Neverglades, an immersive site-specific video and sound installation, links the wetlands of Florida with those of Louisiana. Mapping the protected Everglades—a locus for some of the earliest feminist writing on the environment—and the disappearing coast of Louisiana, past and present feminist voices intertwine to imagine a future utopia. Set in the Everglades National Park and Couterie Forest, a landscape ravaged by Hurricane Katrina that is just beginning to be reborn, viewers will encounter a series of simultaneous sound and video installations that blend site-specific audio/video field recordings, oral histories of past ecofeminist pioneers, and interviews with current ecofeminist leaders.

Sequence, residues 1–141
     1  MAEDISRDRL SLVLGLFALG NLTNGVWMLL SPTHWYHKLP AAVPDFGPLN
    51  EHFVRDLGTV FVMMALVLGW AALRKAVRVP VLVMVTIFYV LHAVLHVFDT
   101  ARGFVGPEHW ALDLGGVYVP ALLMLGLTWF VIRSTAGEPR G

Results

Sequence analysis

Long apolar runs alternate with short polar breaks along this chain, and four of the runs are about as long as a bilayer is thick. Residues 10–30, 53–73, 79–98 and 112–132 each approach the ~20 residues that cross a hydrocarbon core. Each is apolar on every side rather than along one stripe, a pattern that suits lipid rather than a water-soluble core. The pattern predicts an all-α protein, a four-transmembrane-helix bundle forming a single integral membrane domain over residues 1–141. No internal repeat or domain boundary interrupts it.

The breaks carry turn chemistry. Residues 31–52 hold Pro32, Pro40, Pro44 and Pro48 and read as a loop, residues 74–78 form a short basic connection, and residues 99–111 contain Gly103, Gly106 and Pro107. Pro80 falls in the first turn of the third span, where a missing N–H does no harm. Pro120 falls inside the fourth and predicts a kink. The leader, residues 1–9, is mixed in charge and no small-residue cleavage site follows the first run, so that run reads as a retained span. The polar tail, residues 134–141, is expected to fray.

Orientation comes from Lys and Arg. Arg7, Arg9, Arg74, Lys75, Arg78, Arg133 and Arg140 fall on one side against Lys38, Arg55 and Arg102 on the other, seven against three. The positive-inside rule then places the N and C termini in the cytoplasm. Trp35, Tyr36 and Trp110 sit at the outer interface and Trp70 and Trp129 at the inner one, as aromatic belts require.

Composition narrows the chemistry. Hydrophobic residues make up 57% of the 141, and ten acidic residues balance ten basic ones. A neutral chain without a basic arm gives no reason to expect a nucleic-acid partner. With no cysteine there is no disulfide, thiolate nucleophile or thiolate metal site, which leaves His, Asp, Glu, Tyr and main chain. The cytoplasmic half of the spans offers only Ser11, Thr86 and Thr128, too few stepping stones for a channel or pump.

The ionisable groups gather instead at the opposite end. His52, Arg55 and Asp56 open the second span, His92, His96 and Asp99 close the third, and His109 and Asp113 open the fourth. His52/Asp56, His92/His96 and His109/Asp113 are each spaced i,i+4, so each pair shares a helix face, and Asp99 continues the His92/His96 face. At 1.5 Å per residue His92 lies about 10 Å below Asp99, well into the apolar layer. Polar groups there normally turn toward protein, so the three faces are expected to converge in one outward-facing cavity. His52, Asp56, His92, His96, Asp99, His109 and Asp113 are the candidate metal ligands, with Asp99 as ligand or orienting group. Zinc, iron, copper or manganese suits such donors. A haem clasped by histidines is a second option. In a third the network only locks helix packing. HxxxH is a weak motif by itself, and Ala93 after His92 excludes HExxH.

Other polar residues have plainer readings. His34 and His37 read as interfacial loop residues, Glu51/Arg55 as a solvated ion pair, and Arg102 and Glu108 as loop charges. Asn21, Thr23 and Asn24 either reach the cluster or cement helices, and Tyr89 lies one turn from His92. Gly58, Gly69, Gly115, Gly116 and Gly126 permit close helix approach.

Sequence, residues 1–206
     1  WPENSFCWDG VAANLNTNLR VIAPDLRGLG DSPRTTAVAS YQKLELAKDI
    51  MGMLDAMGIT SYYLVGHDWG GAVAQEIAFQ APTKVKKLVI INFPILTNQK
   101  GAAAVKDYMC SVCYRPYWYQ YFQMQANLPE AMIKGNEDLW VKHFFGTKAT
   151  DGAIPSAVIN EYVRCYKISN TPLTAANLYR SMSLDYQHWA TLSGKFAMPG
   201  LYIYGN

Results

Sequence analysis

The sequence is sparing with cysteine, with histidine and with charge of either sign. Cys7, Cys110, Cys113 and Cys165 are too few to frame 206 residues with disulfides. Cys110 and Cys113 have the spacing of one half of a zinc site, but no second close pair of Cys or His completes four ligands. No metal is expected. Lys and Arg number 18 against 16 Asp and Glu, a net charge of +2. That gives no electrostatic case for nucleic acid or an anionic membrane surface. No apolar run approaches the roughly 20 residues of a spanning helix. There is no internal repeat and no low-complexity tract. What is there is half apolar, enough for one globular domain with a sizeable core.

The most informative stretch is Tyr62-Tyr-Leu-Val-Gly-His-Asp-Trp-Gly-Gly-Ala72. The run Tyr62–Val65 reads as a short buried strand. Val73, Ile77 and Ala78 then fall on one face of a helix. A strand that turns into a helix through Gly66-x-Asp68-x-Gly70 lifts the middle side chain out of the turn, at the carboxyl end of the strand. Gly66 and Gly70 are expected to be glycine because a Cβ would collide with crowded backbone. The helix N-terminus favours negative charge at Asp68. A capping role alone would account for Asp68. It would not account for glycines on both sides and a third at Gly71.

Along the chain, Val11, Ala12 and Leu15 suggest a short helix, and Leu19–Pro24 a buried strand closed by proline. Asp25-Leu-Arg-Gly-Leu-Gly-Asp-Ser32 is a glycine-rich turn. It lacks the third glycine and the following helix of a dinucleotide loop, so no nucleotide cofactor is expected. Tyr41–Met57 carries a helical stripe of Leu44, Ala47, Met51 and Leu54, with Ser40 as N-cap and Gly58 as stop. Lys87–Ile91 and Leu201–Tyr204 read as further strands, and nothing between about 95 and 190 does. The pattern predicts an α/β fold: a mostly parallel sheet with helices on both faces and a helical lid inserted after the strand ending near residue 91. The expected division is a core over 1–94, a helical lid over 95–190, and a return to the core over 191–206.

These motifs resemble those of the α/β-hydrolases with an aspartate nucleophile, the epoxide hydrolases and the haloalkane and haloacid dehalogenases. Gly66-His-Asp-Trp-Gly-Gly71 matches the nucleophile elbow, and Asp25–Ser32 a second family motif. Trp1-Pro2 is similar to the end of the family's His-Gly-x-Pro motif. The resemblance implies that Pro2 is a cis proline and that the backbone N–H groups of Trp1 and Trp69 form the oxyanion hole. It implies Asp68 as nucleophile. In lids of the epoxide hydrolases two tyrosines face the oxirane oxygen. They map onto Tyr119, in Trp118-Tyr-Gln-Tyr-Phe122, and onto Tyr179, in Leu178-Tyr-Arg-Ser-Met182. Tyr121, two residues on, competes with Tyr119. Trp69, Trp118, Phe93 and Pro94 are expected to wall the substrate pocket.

Women’s issues and how their identities parallel environmental concerns have been central themes in Cristina Molina’s work. The inspiration for Neverglades evolved from The Matriarchs series, a lens-based collaboration with the artist’s female relatives that emphasized physical gestures of connectivity, hierarchy, balance and tension—all dynamics that exist between women in family units. Centralizing immigrant Latina heritage amidst a disappearing South Floridian territory, Molina and her collaborators emphasized the feminine presence as tender, generative, and powerful. Molina is a visual artist who creates video installations that include still imagery and sculptural forms. Molina’s non-linear, hypnotic works centralize female protagonists within historical, mythical, and autobiographical narratives.